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22.2: Gibbs Energy

The Helmholtz energy \(A\) is developed for isochoric changes and as we have often said before it is much easier to deal with isobaric ones where P= constant. We can therefore repeat the above treatment for the enthalpy and introduce another state function the Gibbs (free) energy

\[G≡ H -TS = U + PV - TS = A + PV\]

If we take both T and P constant (pleasantly achievable conditions!) we get

\[dU-TdS + PdV \le 0\]

\[dG \le 0\]

G either decreases (spontaneously) or is constant (at equilibrium). Calculating the state function between two end points we get:

\[ΔG = ΔH - TΔS ≤ 0 (T,P constant)\]

This quantity is key to the question of spontaneity under the conditions we usually work under. If for a process ΔG is positive it does not occur spontaneous and can only be made to occur if it is 'pumped', i.e. coupled with a process that has a negative ΔG. The latter is spontaneous.


If ΔG=0 we are at equilibrium.

Direction of the spontaneous change

Because the \(ΔS\) term contains the temperature \(T\) as coefficient the spontaneous direction of a process, e.g. a chemical reaction can change with temperature depending on the values of the enthalpy and the entropy change ΔH and ΔS. This is true for the melting process, e.g. for water below 0oC we get water=>ice, above this temperature ice melts to water, but it also goes for chemical reactions.



\[NH_{3(g)} + HCl_{(g)} \rightleftharpoons NH_4Cl_{(s)}\]

ΔrH at 298K / 1 bar is -176.2 kJ. The change in entropy is -0.285 kJ/K so that at 298K ΔG is -91.21 kJ. Clearly this is a reaction that will proceed to the depletion of whatever is the limiting reagent on the left.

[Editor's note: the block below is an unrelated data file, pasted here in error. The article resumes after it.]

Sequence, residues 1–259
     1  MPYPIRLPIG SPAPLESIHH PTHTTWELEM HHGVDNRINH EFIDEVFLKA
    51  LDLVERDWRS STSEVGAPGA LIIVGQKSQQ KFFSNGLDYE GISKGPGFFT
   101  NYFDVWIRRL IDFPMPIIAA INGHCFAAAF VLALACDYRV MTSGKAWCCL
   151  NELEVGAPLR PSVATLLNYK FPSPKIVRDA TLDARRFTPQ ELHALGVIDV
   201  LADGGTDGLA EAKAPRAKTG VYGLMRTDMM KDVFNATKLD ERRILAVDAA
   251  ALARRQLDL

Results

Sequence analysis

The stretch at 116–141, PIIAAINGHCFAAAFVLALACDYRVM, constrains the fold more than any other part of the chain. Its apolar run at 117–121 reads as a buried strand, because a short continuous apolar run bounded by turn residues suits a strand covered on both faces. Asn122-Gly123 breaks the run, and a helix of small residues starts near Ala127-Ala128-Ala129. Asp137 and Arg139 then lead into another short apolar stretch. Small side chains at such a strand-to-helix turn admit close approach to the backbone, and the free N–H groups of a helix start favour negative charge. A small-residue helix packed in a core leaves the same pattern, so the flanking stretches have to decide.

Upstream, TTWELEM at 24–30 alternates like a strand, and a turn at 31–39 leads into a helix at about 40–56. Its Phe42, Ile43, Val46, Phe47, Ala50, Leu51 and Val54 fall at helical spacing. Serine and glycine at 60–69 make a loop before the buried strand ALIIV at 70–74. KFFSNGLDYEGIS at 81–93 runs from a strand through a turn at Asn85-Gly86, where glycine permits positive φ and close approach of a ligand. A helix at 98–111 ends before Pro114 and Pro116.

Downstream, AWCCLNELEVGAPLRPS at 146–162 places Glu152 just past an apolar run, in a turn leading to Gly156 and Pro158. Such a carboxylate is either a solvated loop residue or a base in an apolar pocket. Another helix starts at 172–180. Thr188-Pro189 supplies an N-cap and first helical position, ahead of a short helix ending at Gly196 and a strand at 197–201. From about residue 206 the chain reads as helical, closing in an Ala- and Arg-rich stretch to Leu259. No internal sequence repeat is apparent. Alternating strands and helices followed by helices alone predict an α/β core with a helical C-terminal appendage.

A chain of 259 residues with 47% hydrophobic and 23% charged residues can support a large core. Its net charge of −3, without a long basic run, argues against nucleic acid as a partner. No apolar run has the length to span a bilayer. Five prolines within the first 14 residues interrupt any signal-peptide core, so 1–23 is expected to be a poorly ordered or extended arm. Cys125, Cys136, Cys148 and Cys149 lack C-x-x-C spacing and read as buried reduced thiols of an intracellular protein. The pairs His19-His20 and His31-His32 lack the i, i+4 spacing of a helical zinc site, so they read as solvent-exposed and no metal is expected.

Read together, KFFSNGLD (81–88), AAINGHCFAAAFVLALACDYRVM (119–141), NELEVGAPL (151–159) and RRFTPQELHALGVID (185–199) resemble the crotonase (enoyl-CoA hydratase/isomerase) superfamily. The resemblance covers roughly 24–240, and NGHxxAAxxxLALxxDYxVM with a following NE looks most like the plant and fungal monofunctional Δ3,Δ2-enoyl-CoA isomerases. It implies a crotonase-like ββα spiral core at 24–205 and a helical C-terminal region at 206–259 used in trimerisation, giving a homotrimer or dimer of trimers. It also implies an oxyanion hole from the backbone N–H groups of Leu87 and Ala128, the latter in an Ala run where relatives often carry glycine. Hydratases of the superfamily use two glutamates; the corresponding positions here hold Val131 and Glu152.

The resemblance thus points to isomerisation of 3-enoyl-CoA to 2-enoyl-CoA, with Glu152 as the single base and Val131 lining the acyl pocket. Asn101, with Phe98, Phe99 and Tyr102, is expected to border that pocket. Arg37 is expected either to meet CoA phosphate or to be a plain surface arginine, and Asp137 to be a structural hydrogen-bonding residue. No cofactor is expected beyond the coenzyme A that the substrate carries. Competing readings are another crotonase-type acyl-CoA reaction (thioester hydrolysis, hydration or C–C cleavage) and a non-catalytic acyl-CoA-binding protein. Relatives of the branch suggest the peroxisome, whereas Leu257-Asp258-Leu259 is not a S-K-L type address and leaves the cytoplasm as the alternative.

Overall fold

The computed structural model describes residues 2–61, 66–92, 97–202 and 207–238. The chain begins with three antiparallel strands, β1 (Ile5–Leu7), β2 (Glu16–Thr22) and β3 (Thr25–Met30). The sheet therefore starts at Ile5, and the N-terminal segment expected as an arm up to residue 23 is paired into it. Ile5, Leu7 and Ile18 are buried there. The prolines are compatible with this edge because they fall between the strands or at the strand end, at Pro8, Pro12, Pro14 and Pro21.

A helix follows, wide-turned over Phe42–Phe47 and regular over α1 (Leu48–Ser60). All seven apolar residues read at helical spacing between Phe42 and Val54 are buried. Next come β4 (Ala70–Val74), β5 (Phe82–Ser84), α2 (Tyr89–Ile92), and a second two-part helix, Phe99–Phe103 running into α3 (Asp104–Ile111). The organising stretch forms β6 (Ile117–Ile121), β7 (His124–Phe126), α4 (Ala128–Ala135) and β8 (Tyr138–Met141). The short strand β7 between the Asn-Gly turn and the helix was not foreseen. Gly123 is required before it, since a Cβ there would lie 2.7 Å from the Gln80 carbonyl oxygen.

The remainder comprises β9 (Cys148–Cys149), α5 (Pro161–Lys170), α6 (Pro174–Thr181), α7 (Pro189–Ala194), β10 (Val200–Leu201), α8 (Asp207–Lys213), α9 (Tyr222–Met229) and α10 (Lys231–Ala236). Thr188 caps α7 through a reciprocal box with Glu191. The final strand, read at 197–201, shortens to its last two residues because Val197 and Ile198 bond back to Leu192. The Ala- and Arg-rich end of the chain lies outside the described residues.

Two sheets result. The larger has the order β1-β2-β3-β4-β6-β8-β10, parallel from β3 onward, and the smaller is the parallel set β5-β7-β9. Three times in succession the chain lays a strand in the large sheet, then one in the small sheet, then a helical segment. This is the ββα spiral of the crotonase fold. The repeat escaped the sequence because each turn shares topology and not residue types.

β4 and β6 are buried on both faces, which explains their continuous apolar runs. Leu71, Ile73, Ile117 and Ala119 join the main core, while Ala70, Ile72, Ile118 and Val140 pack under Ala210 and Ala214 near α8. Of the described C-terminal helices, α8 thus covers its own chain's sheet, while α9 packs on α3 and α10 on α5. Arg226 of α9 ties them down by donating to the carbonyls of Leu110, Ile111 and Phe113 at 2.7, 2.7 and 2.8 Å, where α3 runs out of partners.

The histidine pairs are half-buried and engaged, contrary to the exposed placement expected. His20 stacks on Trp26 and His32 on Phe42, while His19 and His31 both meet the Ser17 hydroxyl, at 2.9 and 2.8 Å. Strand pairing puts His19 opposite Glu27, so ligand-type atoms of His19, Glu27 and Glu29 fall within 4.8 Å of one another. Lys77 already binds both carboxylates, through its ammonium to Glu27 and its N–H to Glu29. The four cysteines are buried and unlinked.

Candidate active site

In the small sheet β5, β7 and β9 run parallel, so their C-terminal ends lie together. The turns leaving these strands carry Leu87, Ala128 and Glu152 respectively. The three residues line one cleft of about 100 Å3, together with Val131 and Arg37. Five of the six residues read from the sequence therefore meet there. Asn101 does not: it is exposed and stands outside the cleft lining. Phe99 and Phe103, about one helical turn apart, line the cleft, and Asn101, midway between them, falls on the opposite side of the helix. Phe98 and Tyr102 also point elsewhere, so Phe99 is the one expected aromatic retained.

However at 618 K this is a different story. Above this temperature ΔG is positive! (assuming enthalpy and entropy have remained the same, which is almost but not completely true) The reaction will not proceed. Instead the reverse reaction would proceed spontaneously. The salt on the right would decompose in the two gases -base and acid- on the left.

Meaning of the ΔG term

As we have seen, ΔA can be related to the maximal amount of work that a system can perform at constant V and T. We can hold an analogous argument for ΔG except that V is not constant so that we have to consider volume work (zero at constant volume) .

\[dG = d(U+PV-TS) = dU -TdS - SdT - PdV +VdP\]

As dU = TdS + δwrev

\[dG = δw_{rev} -SdT + VdP + PdV\]

As the later term is -δwvolume

\[dG = δw_{rev} -SdT + VdP - δw_{volume}\]

At constant T and P the two middle terms drop out

\[dG = δw_{rev} - δw_{volume} = δw_{other useful work}\]


ΔG stands for the (maximal) reversible, isobaric isothermal non-PV work that a certain spontaneous change can perform.  The volume work may not be zero, but is corrected for.

Natural variables of G

Because \(G ≡ H-TS\), we can write

\[dG = dH -TdS -SdT\]

\[dG = TdS +VdP -TdS -SdT = VdP - SdT\]

The natural variables of \(G\) are pressure \(P\) and temperature \(T\). This is what makes this function the most useful of the four U, H, A, and G: these are the natural variables of most of your laboratory experiments!


We now have developed the basic set of concepts and functions that together form the framework of thermodynamics. Let's summarize four very basic state functions:

dU = -PdV + TdS U(V,S)
dH = +VdP + TdS H(P,S)
dA = -PdV - SdT A(V,T)
dG = +VdP - SdT G(P,T)


  1. The replacement of δq by TdS was based on reversible heat. This means that in the irreversible case the expressions for dU and dH become inequalities
  2. We only unclude volume work in the above expressions. If other work (elastic, electrical e.g.) is involved extra terms need to be added: dU = TdS - PdV + xdX etc.


We are now ready to begin applying thermodynamics to a number of very diverse situations, but we will first develop some useful partial differential machinery.